The media has long ago stopped representing truth, and has failed to ensure that politicians are kept honest. They are largely responsible for the poor state of politics in Central Europe and the difficulty of conservative parties as they struggle to be heard.
So, the question for a conservative is: what to do? On one side we have parties that systematically disappoint their voters, on the other hand, we see the emergence of parties that are openly extremist, that might represent a “cure worse than the disease” or what we can call a false-right mentality. “False-right” because to be in favour of violence and anti-aristocratic views is historically a mark of the socialist and revolutionary mentality. Extremists that are motivated by destructive energies will not have the dynamism to create what the left has destroyed.
So, what do we propose? Perhaps forming a new party may be the answer? In general, at least in Central-Eastern Europe, the laws are very restrictive to the creation of new parties. While this can technically be accomplished, securing the necessary finance will be almost impossible. Perhaps traditionalists may prefer to emigrate to a false-right party? This is not a real option for us, because that is the best way to destroy what we want to keep – we must learn from the mistakes of some of the interwar conservative revolutionaries who joined with forces that lead our continent and civilisation towards death, destruction and cultural annihilation.
Then what? Perhaps the only other compromise option is to form a group inside the existing conservative party, and to ensure that the traditionalist group systematically denounce the treason of the faux conservative leadership. The present leadership is more or less deaf to the voters outside the party because they are easily mislead or lied to by the media, but it can be very sensitive to an organized opposition inside which puts pressure against the opportunistic politics of betrayal. If a conservative leader claims he represents his voters, he must be held to account by his base within the party structure. No conservative leader wants to be seen as a leftist infiltrator or someone who has an agenda different from or hostile to the official conservative one. If he fails in this responsibilities as a conservative, that should be the end of his political career.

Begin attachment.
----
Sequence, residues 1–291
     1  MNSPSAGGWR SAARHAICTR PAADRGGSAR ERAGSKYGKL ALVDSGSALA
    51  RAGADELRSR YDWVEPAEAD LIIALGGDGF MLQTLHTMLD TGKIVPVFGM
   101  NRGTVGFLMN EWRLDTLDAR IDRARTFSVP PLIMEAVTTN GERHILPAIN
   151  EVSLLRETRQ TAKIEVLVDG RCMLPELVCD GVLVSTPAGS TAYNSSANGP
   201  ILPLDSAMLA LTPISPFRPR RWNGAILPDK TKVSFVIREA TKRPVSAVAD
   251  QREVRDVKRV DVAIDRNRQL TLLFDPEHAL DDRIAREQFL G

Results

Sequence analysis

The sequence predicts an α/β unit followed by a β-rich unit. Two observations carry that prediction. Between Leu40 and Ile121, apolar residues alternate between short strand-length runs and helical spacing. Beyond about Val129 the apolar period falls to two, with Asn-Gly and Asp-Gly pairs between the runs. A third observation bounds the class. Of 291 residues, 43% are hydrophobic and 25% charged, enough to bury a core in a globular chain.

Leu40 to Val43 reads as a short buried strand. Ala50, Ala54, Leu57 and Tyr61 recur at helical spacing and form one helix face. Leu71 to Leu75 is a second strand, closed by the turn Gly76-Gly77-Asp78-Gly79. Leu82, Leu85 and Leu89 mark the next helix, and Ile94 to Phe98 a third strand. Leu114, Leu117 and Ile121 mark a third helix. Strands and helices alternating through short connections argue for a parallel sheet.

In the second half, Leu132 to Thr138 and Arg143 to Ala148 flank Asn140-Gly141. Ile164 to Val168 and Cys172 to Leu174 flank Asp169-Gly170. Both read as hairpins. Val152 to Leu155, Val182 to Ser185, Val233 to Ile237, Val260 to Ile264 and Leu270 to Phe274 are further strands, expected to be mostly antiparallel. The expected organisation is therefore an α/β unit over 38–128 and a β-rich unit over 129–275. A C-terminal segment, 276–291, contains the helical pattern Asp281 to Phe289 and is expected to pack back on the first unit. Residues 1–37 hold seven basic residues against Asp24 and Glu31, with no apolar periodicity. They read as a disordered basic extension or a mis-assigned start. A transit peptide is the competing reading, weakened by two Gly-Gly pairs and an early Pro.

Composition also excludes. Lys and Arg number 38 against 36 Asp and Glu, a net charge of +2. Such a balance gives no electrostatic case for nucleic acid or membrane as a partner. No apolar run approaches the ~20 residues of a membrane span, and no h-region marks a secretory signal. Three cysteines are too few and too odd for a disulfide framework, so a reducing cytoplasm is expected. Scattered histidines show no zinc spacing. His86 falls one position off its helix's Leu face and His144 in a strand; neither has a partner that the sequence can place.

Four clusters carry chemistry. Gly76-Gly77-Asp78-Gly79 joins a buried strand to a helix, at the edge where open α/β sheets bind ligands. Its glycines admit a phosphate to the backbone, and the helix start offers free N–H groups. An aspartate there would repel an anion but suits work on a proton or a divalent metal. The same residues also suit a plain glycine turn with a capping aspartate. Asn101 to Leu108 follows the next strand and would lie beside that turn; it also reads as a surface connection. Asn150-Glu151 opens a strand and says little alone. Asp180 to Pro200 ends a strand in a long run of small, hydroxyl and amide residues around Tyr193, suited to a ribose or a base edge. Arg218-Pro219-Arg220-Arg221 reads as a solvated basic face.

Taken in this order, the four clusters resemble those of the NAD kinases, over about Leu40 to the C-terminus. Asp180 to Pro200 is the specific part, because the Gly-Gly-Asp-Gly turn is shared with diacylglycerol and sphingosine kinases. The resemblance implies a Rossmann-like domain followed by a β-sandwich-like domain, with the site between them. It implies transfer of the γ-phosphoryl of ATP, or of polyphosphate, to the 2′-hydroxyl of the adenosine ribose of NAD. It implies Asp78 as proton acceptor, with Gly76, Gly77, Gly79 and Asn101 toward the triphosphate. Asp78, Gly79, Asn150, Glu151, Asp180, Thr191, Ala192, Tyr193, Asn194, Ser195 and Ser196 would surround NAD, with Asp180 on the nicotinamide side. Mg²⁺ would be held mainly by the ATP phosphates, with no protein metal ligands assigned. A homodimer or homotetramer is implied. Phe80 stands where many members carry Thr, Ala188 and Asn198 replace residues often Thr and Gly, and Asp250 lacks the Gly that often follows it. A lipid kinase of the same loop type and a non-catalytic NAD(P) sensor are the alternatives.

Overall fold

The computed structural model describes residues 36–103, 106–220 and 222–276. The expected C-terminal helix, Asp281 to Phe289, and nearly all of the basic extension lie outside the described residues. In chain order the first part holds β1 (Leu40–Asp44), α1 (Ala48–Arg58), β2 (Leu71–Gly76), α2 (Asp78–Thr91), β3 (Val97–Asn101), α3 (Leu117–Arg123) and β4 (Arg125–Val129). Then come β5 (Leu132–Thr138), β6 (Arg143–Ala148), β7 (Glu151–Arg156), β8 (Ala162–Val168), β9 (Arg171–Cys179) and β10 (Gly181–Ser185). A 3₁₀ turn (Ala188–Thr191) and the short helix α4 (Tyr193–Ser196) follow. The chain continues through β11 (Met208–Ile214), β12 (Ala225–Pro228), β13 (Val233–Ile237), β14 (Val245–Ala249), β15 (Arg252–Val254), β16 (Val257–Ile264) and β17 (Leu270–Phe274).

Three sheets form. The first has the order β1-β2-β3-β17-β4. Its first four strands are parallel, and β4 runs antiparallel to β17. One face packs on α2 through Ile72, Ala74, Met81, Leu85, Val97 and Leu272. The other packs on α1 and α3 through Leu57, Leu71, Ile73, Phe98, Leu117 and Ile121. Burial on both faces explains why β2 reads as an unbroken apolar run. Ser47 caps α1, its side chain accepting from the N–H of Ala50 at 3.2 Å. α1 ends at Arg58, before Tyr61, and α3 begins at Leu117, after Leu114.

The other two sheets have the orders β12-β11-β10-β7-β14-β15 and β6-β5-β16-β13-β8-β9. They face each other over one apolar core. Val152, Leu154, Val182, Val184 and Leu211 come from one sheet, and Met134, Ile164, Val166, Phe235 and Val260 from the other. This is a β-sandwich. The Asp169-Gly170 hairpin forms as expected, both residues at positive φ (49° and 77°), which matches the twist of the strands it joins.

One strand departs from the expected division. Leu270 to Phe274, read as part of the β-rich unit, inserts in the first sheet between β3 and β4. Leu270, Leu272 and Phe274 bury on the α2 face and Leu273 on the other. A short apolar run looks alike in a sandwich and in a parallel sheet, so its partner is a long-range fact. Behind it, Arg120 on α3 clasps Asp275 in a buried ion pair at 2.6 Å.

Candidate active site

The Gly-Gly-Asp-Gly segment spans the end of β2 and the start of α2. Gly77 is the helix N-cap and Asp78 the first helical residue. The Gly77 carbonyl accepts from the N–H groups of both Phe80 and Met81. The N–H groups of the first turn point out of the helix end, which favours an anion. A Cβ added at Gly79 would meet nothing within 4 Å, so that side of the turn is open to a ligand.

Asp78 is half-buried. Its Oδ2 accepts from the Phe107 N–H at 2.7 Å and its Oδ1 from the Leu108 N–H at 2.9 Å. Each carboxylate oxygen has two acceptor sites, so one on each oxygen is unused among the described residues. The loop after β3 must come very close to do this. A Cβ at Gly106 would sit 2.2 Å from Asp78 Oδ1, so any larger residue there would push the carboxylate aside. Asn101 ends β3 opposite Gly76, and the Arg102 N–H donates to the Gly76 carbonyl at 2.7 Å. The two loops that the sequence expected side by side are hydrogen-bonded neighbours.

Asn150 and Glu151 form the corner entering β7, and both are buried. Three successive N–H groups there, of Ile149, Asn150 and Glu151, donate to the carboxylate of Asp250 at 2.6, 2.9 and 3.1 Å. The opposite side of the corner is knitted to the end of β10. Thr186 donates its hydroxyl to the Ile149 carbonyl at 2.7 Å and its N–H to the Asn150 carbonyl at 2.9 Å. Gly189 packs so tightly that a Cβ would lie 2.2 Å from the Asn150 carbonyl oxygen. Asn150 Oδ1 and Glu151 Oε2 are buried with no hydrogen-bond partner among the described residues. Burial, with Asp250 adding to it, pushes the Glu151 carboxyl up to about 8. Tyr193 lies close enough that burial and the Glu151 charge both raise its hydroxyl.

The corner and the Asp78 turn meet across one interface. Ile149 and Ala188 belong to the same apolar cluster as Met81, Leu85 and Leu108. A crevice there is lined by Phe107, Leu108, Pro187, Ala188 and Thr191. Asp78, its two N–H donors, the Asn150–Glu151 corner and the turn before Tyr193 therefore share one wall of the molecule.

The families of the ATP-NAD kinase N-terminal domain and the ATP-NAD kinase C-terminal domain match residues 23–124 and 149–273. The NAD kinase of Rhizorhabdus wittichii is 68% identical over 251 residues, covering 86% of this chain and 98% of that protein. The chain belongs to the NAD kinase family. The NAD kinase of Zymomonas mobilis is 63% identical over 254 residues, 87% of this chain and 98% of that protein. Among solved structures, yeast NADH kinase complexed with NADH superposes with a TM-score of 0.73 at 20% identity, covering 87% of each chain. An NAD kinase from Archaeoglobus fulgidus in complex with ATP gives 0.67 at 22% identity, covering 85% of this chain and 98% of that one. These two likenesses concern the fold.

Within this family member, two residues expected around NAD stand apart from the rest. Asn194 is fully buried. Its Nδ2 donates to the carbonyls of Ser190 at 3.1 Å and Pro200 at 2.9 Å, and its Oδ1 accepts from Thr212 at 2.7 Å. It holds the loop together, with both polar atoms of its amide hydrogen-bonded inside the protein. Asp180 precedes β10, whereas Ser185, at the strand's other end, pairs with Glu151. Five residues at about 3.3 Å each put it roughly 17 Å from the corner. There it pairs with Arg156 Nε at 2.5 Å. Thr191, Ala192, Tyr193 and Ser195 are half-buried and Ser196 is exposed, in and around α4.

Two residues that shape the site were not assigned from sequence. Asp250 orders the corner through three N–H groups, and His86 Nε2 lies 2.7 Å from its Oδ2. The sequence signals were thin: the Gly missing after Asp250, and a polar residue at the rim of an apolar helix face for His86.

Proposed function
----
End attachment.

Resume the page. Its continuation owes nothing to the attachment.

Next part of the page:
In general, I have noticed a resurgence of the conservative mentality everywhere. There have been too many elusive utopias, too many political experiments, too many flawed ideologies, and a good number of people only want the incessant social experiments to “stop” in the sense of being able to keep the fruitful traditions, and refrain from interfering in the familiar ways of life. The socialist parties in Europe are in open decline, and evidence of this can be seen everywhere. Even the Scandinavian countries have shown signs that they no longer want to vote for them with the same enthusiasm as they once did.¹
Our false leaders are the socialist’s and the leftist’s most valuable allies. They must first be removed before any real political progress can be made in the Culture War. Let’s get rid of them and then, yes, we will feel at home in the existing (but rejuvenated) conservatives parties. If not, we will be the perennial foreigners, aimlessly moving from one political party to another without achieving anything substantial in our present struggle.
– Valdis Grinsteins is an international activist working with the Tradition Family Property organisation founded by Plinio Corrêa de Oliveira. While Valdis is predominantly based in Eastern Europe and South America, on those occasions he has visited Australia he has had a close working relationship with the Sydney Traditionalist Forum and local reactionaries in the Sydney region.
- [SydneyTrads Editors: for more on the situation in the Scandinavian countries and Central Europe, readers are encouraged to read the following two other contributions to the Symposium: Johannes Ekjord, “The Rise of the Right in Europe: The Need for Traditionalism” SydneyTrads (17 October 2015) <sydneytrads.com> (accessed 17 October 2015) and Urho Lintinen, “Impressions from the Old Continent” SydneyTrads (17 October 2015) <sydneytrads.com> (accessed 17 October 2015)].
This article is to be cited according to the following convention:
Valdis Grinsteins, “When a Conservative Feels the he is a Foreigner in his own Home” SydneyTrads – Weblog of the Sydney Traditionalist Forum (17 October 2015) <sydneytrads.com/2015/10/17/2015-symposium-valdis-grinsteins> (accessed [date]).